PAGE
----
De la Peña explains the meaning behind one of the illustrations of his book, "Love".
By Amelia Tarallo
Hometown Weekly Staff
Reading is the best part of school for some children. For others, it is the most nerve-racking part of the school day. During his visit to the Medfield Schools, Matt de la Peña was able to give both types of students something to which they could relate.
On Thursday, March 7, the students and teachers of Dale Street School welcomed Matt de la Peña as a guest speaker. The students, clustered together in the cafeteria, were bouncing with excitement at the prospect of hearing one of their favorite authors speak.
De la Peña visited each Medfield school to discuss his picture book, “Love.”
He began his talk by telling the students a bit about his background and his unlikely story of becoming a writer. “I was a reluctant reader. Does anyone know what that means?” he asked.
Students raised their hands.
“You wanted to read a lot?” one student asked.
A reluctant reader is actually the opposite.
De la Peña didn’t like to read when he was a child. He had a hard time with school, and struggled because of a lack of confidence. He was, however, very good at sports. Despite his difficulties with school work, de la Peña went on to attend college and played basketball at a D1 school.
“But I fell in love with something different. Can anyone guess what it is?” he asked.
“Reading,” said the students.
De la Peña excelled in his English classes and went on to attend graduate school, where he began working on what became his first book, “Ball Don’t Lie.” Since then, de la Peña has published 13 books, including “Carmela Full of Wishes,” “Last Stop on Market Street,” and “Mexican Whiteboy.” The last book’s title is a reference to de la Peña’s own heritage, with a Mexican father and a Caucasian mother, and is inspired by his own experience.
De la Peña’s reading of “Love” gave the students a greater insight into his writing process, the symbolism behind the book, and even why certain pages of the book look the way they do.
He answered questions as to why, on one page, there is a girl dancing on top of a trailer with a parent, and on another, there is a child watching the TV, and on another, there is a child hiding under a piano. Though some of the pictures incorporate very serious subjects, de la Peña felt it was necessary to include them in his book.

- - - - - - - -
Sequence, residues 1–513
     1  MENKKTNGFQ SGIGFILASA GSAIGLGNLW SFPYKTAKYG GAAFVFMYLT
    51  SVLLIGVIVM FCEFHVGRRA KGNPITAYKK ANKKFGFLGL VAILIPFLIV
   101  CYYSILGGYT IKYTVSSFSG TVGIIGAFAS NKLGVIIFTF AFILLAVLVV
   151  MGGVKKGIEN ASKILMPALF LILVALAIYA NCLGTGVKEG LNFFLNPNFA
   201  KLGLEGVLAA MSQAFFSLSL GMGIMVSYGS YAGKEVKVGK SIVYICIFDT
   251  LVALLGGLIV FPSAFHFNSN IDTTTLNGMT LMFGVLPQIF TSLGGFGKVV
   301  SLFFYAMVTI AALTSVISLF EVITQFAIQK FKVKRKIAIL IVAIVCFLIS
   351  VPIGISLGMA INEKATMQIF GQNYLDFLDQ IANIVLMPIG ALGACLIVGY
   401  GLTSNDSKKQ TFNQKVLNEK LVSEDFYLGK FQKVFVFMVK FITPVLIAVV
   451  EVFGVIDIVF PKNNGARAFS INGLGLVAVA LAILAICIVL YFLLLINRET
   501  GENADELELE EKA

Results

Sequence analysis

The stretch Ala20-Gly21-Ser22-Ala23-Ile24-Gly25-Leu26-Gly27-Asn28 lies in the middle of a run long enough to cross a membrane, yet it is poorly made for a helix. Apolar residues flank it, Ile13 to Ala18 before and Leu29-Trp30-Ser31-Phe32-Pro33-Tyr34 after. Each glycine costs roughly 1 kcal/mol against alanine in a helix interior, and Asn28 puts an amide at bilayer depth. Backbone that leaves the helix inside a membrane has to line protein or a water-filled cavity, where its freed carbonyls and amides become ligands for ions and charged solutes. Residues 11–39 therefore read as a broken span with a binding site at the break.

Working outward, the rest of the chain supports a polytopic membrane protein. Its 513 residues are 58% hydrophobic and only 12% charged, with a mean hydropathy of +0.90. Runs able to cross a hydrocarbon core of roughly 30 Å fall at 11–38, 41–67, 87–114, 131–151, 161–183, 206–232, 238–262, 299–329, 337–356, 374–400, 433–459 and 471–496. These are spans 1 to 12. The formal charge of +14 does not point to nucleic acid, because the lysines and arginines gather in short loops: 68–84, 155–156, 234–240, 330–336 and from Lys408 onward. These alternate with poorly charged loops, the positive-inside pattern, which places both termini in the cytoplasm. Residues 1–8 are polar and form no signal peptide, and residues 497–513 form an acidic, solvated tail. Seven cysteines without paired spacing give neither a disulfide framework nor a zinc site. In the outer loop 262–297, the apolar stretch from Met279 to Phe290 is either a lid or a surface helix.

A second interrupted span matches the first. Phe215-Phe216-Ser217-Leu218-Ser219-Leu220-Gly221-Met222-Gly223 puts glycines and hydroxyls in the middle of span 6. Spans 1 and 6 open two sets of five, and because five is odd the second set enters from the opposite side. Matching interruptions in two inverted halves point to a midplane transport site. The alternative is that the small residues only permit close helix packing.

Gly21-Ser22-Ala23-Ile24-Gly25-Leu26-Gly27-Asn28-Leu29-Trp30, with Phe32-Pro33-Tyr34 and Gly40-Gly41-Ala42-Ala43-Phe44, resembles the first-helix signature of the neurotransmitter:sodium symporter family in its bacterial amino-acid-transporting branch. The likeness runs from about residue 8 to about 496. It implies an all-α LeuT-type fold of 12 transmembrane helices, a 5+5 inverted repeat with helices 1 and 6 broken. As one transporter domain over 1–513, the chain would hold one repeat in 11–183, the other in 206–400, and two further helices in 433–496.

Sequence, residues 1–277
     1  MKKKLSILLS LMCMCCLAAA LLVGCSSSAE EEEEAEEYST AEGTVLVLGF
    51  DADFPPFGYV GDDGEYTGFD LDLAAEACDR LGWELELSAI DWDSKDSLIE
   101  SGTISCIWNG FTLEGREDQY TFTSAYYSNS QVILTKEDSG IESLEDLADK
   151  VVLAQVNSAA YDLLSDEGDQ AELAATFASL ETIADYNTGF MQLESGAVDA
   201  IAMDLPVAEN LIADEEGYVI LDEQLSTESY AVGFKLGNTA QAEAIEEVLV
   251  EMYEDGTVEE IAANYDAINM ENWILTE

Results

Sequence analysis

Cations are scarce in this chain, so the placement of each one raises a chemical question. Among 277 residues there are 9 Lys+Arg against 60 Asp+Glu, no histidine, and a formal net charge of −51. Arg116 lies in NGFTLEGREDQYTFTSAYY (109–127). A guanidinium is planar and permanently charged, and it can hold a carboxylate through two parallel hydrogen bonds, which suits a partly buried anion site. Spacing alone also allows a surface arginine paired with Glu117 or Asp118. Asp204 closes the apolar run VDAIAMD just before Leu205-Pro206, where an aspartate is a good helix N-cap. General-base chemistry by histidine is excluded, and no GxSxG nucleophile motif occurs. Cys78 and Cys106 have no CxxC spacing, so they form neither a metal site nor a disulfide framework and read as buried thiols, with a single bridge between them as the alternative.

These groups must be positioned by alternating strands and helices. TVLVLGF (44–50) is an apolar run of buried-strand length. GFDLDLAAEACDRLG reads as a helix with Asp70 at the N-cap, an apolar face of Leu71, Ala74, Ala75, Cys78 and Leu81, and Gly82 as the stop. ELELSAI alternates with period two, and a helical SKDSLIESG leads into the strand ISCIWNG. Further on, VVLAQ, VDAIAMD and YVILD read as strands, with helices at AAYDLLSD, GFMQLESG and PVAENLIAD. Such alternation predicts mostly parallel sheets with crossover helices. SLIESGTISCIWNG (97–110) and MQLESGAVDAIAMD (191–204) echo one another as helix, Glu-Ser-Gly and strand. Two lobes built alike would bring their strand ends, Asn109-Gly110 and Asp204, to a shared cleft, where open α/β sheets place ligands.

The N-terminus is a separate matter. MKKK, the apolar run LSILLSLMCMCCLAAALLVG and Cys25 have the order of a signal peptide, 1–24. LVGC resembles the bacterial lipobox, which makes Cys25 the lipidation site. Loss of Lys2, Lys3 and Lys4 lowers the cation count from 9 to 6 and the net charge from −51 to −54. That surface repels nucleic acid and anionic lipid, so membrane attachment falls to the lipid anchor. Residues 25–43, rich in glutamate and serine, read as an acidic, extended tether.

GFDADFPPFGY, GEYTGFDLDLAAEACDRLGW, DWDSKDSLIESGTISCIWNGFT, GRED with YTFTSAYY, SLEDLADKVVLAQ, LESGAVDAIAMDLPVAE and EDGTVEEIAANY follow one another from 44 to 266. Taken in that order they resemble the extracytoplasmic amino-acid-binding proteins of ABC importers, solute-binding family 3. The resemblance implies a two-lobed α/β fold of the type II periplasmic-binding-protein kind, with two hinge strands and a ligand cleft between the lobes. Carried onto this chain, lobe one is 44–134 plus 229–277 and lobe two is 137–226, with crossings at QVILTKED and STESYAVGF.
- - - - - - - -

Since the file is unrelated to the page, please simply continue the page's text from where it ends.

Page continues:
“I want everyone to be in this book,” he explained, “to be as inclusive as possible.” The book begins with the following poetic lines: “In the beginning there is light / and two wide-eyed figures / standing near the foot of your bed / and the sound of their voices is love.” De la Peña continued to read the book, eventually coming to the final lines that sum up the message of the book: “Everyone deserves love.”
During the final portion of his talk, students were given the chance to ask de la Peña questions. “What’s your favorite book?” asked one student. He didn’t miss a beat in answering his favorite book for each age group: one was “Each Kindness,” by Jacqueline Woodson; another was “Tiger Rising” by Kate DiCamillo; and another was “Everyone Sees the Ants,” by A.S. King.
For students who don’t yet enjoy reading on their own, Matt de la Peña’s visit gave them the opportunity to enjoy “Love” aloud. It also allowed them to see that just because they’re not good at reading now, it does not preclude them from becoming much better as they grow.
For students who love reading, de la Peña’s visit gave them the chance to learn about writing.
For all the students, though, de la Peña’s visit was a reminder of what his book, “Love,” taught them: that despite our differences, everyone deserves love.